Speed Dating is one of my favorite structures for incorporating review in a collaborative, non-kill-and-drill manner. If you've never heard of Speed Dating in math, I suggest that you stop reading this right now and read this post by Kate Novak right now. She explains it much better than I could. Here's what I did to make it work in my 8th grade math class:
Since we've been working on graphing linear equations, I made my cards by printing out some problems from the Chapter 3 Student Workbook from UtahMiddleSchoolMath.org (pgs 10-14). After cutting out the cards, I wrote the equation of the line on the back. Students had already done these problems as an assignment, but they did so poorly on the quiz that I knew they needed to revisit them.
Ideally, every student has their own card. However, when you've got 36 students in a class like I do, that's a lot of problems to come up with. When I did the graphing speed dating, I made 3 sets of 12 identical cards. I then have 3 separate groups of speed daters, which works well since my room is arranged like this:
This also works out well for me time-wise because I only have 45-minute class periods. If you're going to use 3 identical sets of cards, I highly recommend that you number/letter each card in the set so that they are easy to sort out when they get mixed up or lost. I learned this lesson the hard way.
Each student gets their own card, turns it to the graph side, writes the equation of that graph and then checks the answer on the back. The student then is the 'expert' on that problem. Students then trade with their partner across from them and write the equation for that card. If they struggle, they ask the person sitting across from them for help. I set my online bomb timer for 1-2 minutes, depending on the class. When the timer goes off everyone switches cards back so that they are holding their original problem. The students on the window side of the classroom remain seated while the students on the wall side of the classroom move one space toward to the right. Students switch again and begin working.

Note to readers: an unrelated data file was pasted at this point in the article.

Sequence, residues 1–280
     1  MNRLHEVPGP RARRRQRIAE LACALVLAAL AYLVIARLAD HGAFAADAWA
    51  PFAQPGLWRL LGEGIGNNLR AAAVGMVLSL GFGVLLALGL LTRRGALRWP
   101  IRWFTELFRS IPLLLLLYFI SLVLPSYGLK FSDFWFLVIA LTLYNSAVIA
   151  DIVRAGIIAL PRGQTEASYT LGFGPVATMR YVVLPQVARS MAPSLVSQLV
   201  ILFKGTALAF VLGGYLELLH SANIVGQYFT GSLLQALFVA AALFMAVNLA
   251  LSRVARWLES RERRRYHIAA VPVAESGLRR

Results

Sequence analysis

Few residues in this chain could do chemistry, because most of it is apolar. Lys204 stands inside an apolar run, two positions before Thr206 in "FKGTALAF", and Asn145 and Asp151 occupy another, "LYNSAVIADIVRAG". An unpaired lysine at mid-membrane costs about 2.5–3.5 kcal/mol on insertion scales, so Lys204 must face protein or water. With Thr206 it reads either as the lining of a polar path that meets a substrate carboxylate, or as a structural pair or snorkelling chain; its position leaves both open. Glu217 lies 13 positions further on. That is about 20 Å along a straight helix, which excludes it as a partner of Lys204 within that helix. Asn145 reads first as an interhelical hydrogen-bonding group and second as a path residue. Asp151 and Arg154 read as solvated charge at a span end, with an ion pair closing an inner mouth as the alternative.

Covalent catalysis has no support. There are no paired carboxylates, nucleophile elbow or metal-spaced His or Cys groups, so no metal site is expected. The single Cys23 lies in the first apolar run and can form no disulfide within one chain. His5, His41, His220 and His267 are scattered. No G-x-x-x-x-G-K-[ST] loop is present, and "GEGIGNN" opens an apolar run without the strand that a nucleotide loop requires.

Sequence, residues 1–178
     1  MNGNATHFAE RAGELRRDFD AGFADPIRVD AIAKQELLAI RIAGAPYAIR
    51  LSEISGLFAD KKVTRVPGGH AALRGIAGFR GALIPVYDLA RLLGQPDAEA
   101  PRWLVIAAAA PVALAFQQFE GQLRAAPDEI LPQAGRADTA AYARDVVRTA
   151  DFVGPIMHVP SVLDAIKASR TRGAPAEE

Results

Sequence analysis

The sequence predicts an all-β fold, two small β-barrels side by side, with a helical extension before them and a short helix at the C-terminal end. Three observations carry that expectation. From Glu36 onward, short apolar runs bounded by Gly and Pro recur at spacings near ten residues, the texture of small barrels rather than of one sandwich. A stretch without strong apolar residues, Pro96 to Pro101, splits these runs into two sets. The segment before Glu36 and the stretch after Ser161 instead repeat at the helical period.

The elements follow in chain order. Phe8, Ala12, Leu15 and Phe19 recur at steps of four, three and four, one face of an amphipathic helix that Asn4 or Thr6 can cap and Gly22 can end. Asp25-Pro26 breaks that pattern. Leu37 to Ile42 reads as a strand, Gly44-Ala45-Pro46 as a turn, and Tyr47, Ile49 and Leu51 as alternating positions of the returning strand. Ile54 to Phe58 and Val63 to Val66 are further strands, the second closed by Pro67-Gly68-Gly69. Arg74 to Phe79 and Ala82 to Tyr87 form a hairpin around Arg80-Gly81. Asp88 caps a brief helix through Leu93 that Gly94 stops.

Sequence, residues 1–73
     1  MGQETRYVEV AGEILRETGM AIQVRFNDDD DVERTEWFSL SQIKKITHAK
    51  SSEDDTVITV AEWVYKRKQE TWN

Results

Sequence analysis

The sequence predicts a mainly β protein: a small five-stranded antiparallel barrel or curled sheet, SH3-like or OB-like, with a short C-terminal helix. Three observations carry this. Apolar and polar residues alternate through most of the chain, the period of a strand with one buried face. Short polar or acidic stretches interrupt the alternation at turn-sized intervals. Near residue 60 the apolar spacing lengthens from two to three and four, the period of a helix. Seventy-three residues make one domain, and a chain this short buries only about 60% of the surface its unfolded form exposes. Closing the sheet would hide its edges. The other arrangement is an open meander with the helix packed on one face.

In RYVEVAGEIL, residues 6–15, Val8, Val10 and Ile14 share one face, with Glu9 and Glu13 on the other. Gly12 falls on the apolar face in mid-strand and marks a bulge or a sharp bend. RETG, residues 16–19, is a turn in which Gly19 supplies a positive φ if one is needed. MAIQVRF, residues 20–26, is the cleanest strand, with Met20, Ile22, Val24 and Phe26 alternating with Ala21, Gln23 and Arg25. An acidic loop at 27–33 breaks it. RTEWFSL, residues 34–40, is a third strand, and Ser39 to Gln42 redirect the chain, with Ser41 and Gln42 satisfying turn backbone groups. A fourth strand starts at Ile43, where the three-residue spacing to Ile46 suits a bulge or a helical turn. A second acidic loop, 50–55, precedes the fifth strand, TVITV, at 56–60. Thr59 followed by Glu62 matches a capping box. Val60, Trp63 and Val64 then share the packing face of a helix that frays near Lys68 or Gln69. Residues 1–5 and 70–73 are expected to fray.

I found that some of my speed dating groups had an odd number of students. This is quite simple to fix. Just place a card on the empty desk (make sure it is on the non-rotating side) and have students work on that problem when they rotate to the desk without a partner.
After students wrote the equations for all 7 problems (their own problem plus their 6 partners), I had students swap their cards diagonally and turn it to the equation side. I gave each student a set of coordinate grids kind of like this. Students then had to graph the equation that was written and we repeated the whole speed dating process with the same set of cards, but this time going from the equation to the graph.
The results? After a day of practice, when I re-quizzed my students on these topics, they did much better! A few hang-ups still: students forgetting to write a negative for equation of lines with negative slope; students who can't differentiate between y = 2x and y = 2. Any suggestions for dealing with these two issues?
About the author: MaryAnn Moore (@missnarymm) teaches 8th grade math in Davis School District. She coordinates the UCTM teacher blog and is also a regular contributor to the UCTM teacher blog. Please email her at email@example.com if you are interested in contributing to the UCTM blog.